A couple of months ago we looked at the toll the long 2008 season had on the Rays pitching staff. We were concerned about the large number of pitches thrown by each pitcher, the extra month of work as a result of a World Series run and the shortened off-season and how those combined factors could prove stressful on the young arms moving forward.
The one pitcher that concerned us the most was Matt Garza, who saw a 21.8% increase in the number of innings worked over the previous season and the large number of games in which he threw at least 110 pitches.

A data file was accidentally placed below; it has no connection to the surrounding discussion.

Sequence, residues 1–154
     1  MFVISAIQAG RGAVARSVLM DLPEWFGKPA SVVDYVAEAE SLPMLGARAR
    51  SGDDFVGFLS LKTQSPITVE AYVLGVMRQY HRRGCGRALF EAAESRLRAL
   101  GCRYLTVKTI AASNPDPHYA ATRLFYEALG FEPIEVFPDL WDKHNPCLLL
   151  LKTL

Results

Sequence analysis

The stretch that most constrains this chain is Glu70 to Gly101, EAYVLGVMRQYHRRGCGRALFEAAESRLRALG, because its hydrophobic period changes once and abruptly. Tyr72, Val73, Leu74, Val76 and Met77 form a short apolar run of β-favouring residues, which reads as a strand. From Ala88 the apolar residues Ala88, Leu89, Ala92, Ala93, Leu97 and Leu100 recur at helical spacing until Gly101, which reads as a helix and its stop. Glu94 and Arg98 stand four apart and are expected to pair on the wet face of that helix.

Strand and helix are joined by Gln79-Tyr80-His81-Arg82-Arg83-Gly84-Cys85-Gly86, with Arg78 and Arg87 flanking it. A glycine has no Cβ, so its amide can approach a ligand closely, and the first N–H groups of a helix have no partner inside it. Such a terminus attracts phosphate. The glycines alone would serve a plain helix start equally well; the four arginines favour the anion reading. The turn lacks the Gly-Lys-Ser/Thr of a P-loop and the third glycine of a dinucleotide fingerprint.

Now we see what may be the first sign that Garza could suffer from a tired arm in 2009.
Garza, charged with four runs in 42/3 innings in the 15-4 loss, said his “arm didn’t feel too great” as he’s “facing that dead-arm period where it feels like you have nothing in the tank.” Garza (74 pitches) was encouraged by the work he got in with his changeup. “Garza threw the ball pretty well,” Maddon said.
It is not unusual for a starting pitcher to suffer from a “dead arm” at points during the season and many pitches go through this during spring training. But it is a red flag in the case of Garza because of his workload in 2008 and because he is already suffering from a dead arm despite only having worked 10.2 innings this spring.
Jeff Niemann hits setback in bid to join Tampa Bay Rays’ rotation [St. Pete Times]